When the time comes to replace a heating system, you will need to know how to calculate heater size. Although it can be a major investment, getting a more efficient unit nearly always saves money in the long run.
Choosing a properly sized heater is one of the best ways to reduce your energy costs. Once you know the size you'll need, you should also look for a high-efficiency rating, or AFUE. In colder climates, choose ones with AFUEs of 90 percent or more.
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How to Calculate Heater Size
To calculate heater sizes for smaller structures, you will first need to measure and calculate the building's length by width by ceiling height. This will reveal its size in cubic feet. So, if a garage is 16 x 24 x 14 feet, your heater has to cover 5,376 cubic feet.
You will also need to determine the space's insulation factor, which determines how many BTUs your heater needs. Some homes have old, inefficient insulation, while others are well-insulated. Insulation factors are rated in this way: 7 is poor insulation, 5 is average insulation and 4 is excellent house insulation.
Take your cubic feet measurement and multiply by insulation factor accordingly. If the garage's insulation is excellent, you multiply 5,376 by 4 to determine that you need a heater with 21,504 BTU. If it is poor, you would need a heater with 37,632 BTU.
Calculate Heater Size for a Home
Obviously, getting the right heater size is important. If it is too small, you will have higher energy bills and uneven heating. On top of that, you will be more likely to feel uncomfortable, and the furnace may break down sooner. Similar problems occur when heaters are too big. You will also feel uncomfortable, there will be cold and hot spots in the house and the unit will not be efficient.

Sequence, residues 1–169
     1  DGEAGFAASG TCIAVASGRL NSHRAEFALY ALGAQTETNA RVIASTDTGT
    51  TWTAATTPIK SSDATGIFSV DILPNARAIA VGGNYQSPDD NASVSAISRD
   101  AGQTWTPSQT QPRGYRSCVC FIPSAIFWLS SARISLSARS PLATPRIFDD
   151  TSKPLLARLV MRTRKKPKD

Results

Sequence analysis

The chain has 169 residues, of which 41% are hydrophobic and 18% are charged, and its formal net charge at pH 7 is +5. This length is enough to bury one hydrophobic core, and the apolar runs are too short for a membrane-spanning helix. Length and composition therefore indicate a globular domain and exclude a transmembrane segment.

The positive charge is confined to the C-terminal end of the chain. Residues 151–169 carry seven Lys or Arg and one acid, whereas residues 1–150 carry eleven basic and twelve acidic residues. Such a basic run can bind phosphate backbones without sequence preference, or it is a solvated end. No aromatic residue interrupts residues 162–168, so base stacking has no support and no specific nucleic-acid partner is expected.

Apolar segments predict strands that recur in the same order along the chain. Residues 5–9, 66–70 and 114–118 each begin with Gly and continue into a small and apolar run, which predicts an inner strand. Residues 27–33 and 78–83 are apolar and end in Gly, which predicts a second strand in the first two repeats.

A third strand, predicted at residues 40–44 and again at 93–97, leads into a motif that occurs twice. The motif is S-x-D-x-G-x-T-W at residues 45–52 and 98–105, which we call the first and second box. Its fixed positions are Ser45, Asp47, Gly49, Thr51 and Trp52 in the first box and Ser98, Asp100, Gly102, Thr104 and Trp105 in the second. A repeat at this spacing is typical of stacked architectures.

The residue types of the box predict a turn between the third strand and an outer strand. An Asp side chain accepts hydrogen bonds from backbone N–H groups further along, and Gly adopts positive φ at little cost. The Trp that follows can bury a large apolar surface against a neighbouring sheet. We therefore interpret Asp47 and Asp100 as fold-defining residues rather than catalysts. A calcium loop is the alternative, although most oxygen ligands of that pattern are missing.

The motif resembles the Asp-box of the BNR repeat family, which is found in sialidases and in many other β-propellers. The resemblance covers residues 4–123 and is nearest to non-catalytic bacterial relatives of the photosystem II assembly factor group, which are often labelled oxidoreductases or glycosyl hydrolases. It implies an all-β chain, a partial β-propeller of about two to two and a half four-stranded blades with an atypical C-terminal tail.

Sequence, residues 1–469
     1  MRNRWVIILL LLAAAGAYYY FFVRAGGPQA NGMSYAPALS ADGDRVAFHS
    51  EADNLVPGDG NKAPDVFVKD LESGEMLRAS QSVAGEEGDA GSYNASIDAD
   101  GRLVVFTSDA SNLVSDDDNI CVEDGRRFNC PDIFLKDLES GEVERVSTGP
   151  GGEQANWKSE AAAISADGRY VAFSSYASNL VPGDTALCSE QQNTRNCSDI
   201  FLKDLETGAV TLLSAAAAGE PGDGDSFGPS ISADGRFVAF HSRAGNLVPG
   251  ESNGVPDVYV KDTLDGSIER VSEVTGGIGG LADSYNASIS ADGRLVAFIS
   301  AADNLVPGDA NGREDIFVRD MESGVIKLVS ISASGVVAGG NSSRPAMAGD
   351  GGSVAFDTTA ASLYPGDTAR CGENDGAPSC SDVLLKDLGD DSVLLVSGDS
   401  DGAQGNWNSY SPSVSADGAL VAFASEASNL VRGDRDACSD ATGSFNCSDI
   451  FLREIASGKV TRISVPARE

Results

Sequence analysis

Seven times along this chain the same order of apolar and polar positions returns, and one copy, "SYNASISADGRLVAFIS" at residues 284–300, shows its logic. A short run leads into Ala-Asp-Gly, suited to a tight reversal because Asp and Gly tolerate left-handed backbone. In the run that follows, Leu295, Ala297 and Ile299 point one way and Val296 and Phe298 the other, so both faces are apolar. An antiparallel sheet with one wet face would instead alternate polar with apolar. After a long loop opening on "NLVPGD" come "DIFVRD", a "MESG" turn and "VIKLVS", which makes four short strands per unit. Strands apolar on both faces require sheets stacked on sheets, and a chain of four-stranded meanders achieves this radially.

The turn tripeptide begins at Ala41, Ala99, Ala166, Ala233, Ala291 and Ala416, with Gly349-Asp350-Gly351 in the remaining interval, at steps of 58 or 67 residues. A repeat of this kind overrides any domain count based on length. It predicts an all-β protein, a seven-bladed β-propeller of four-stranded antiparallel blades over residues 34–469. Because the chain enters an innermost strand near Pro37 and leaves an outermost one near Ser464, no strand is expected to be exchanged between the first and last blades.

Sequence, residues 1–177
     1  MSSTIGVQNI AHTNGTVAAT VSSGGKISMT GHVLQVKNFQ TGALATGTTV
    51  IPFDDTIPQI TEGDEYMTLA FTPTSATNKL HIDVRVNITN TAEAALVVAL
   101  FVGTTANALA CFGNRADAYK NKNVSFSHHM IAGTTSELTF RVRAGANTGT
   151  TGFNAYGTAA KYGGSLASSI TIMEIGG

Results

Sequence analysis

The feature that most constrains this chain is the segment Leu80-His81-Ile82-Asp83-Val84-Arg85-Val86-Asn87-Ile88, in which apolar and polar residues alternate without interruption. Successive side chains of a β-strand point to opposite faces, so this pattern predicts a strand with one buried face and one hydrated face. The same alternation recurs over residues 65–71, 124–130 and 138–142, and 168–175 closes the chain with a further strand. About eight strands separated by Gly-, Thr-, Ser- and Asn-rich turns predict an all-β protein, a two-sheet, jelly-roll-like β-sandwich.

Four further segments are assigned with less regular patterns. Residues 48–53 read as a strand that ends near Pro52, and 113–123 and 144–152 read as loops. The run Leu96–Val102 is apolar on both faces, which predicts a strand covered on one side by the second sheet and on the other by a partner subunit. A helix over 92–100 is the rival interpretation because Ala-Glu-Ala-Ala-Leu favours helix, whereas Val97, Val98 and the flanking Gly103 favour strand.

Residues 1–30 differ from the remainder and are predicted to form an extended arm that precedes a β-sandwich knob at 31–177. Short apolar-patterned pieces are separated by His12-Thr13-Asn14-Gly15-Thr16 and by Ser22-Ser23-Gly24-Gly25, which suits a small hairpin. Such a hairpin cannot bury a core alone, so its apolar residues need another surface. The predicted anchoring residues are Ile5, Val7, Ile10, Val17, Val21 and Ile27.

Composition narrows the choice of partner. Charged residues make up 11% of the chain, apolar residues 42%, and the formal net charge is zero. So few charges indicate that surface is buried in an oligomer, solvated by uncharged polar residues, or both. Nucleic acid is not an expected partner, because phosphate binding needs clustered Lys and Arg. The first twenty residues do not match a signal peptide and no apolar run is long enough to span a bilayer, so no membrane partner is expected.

To calculate heater size for a home, you first need to find out the recommended heating factor. This is based on where you live. The farther you are from the equator, the more BTU your home needs. The United States is divided into several climate zones by the International Energy Conservation Code (IECC). Each zone has its own recommended heating factor per square foot:
- Zone 1: 30 to 35 BTU
- Zone 2: 35 to 40 BTU
- Zone 3: 40 to 45 BTU
- Zone 4: 45 to 50 BTU
- Zone 5: 50 to 60 BTU
- Zone 6: 55 BTU
- Zone 7: 60
or more BTU
Completing the Calculations
Zone 1 includes the warmest regions of the nation, and zones 7 and 8 are the northernmost and coldest (zone 8 is in parts of Alaska). You can identify your zone using an IECC climate map.
You also need to know the square footage of your home. Try to locate your deed or title, which should be among the paperwork from when the home was purchased. These documents will likely include the square footage of the building. If you cannot locate the paperwork, you can do a property search online. Websites like Realtor.com often have this information. Alternatively, you can visit your county's property appraiser website or township office to see if they have the information available.
Finally, you could measure the length and width of your home outside and multiply them to determine the square footage. Don't forget to include additional stories if applicable. Once you have the square footage, multiply it by the heating zone factor. A 2,500-square-foot home in zone 3 would need a 100,000 to 112,500 BTU heater.